Click to Go Back to search resultsBack to search results
Louisiana Native Guards : The Black Mili...
Photo contributed by #M#.This product photo was contributed by the community member attributed here.
Add to wish listAdded to your wish listError in adding. Try again.Adding
Product description:Full product description
Early in the Civil War, Louisiana's Confederate government sanctioned a militia unit of black troops, the Louisiana Native Guards. Intended as a response to demands from membe...Read more

Louisiana Native Guards : The Black Military Experience During the Civil War by James G., Jr. Hollandsworth (1998, Paperback)

Author: James G., Jr. Hollandsworth | ISBN-10: 0807123366 | ISBN-13: 9780807123362
This product is currently Not Available
I'm only interested in this item
Notify meNotify me
when more items become available
I have one of these
Sell one like thisSell one like thisSell one like this
View Best Selling in Textbooks, Education

Product description

Early in the Civil War, Louisiana's Confederate government sanctioned a militia unit of black troops, the Louisiana Native Guards. Intended as a response to demands from members of New Orleans' substantial free black population that they be permitted to participate in the defense of their state, the unit was used by Confederate authorities for public display and propaganda purposes but was not allowed to fight. After the fall of New Orleans, General Benjamin F. Butler brought the Native Guards into Federal military service and increased their numbers with runaway slaves. He intended to use the troops for guard duty and heavy labor. His successor, Nathaniel P. Banks, did not trust the black Native Guard officers, and as he replaced them with white commanders, the mistreatment and misuse of the black troops steadily increased. The first large-scale deployment of the Native Guards occurred in May, 1863, during the Union siege of Port Hudson, Louisiana, when two of their regiments were ordered to storm an impregnable hilltop position. Although the soldiers fought valiantly, the charge was driven back with extensive losses. The white officers and the northern press praised the tenacity and fighting ability of the black troops, but they were still not accepted on the same terms as their white counterparts. After the war, Native Guard veterans took up the struggle for civil rights - in particular, voting rights - for Louisiana's black population. The Louisiana Native Guards is the first account to consider that struggle. By documenting their endeavors through Reconstruction, James G. Hollandsworth places the Native Guards' military service in the broader context of a civil rights movement thatpredates more recent efforts by a hundred years. This remarkable work presents a vivid picture of men eager to prove their courage and ability to a world determined to exploit and demean them.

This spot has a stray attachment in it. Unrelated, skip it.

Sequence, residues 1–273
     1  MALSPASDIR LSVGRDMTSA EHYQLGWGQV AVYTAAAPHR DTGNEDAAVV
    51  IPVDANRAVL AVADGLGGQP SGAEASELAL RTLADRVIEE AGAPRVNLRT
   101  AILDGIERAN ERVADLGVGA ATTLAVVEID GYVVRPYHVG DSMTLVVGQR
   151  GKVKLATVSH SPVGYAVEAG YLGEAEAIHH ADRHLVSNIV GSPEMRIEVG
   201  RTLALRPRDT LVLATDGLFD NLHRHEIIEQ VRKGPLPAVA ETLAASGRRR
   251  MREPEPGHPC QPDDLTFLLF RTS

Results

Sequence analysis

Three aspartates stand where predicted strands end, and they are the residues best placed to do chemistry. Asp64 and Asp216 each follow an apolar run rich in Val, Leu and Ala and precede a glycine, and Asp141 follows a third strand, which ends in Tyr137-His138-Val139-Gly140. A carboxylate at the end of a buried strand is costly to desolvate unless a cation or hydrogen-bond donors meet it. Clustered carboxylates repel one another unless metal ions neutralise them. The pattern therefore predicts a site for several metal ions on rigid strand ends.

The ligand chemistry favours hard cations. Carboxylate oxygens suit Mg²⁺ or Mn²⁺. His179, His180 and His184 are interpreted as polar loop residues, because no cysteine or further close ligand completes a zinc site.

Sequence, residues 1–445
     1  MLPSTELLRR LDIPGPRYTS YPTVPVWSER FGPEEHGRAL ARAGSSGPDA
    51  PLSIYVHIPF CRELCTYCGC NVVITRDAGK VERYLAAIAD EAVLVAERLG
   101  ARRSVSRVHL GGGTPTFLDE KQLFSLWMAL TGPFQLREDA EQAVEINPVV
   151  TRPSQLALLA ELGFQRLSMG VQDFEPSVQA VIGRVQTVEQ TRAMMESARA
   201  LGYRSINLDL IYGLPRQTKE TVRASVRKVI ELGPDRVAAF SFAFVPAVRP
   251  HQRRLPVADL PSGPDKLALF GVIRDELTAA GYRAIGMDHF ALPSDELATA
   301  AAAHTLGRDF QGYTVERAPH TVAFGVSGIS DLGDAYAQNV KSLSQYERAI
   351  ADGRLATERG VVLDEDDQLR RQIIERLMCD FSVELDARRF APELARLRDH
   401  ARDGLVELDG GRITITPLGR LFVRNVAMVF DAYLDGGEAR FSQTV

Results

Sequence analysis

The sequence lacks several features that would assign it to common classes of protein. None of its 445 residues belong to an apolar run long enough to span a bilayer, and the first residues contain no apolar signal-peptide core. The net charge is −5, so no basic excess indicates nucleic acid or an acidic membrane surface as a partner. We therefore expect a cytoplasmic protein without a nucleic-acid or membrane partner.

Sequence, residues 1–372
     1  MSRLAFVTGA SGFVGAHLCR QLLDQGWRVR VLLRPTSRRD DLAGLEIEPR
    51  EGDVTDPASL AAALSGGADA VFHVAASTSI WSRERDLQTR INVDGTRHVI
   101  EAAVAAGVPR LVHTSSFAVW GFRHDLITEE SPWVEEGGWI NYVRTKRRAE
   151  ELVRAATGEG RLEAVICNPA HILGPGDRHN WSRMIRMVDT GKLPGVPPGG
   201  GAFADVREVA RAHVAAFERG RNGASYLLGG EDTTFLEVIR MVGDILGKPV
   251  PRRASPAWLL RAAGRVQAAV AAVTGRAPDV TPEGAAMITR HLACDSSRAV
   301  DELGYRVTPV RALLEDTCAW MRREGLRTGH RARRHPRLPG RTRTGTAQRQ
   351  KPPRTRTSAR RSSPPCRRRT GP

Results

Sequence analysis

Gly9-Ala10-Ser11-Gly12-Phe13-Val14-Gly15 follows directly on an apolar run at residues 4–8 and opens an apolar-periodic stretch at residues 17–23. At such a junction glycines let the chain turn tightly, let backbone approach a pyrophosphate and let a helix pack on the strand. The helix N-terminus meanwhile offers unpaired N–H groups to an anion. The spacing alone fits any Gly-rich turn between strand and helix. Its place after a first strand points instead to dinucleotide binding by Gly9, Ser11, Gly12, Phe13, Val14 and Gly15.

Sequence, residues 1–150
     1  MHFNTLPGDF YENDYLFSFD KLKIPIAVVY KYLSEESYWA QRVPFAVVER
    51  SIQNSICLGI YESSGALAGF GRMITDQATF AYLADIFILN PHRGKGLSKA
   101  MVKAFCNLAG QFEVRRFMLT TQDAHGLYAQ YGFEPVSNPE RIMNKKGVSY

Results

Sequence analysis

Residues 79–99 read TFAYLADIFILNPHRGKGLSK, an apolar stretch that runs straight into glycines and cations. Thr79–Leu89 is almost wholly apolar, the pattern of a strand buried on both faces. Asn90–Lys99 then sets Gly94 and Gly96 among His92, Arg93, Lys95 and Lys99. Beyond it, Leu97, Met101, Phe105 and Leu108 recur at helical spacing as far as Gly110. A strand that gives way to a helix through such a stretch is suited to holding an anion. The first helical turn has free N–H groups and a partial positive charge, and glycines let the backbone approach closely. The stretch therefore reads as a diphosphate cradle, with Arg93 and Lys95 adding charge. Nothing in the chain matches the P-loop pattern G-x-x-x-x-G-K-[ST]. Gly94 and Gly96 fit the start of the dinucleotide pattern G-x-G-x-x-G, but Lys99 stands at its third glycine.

This study of the formation, composition and wartime service of the Louisiana Native Guards provides an account of African American participation in the American Civil War.

Product Identifiers

Key Details
AuthorJames G., Jr. Hollandsworth
Number Of Pages176 pages
Publication Date1998-08-01
PublisherLouisiana State University Press

Additional Details

Weight8.5 Oz
Height0.4 In.
Width6 In.
Length9 In.

Target Audience

Classification Method
Dewey Decimal973.7/415/09763
Dewey Edition20

eBay Product ID: EPID989059
Certain data records © 2014 Bowker. Rights in cover images reserved by owners.

Bubble Opens Help Start of layer
Bubble Help End of layer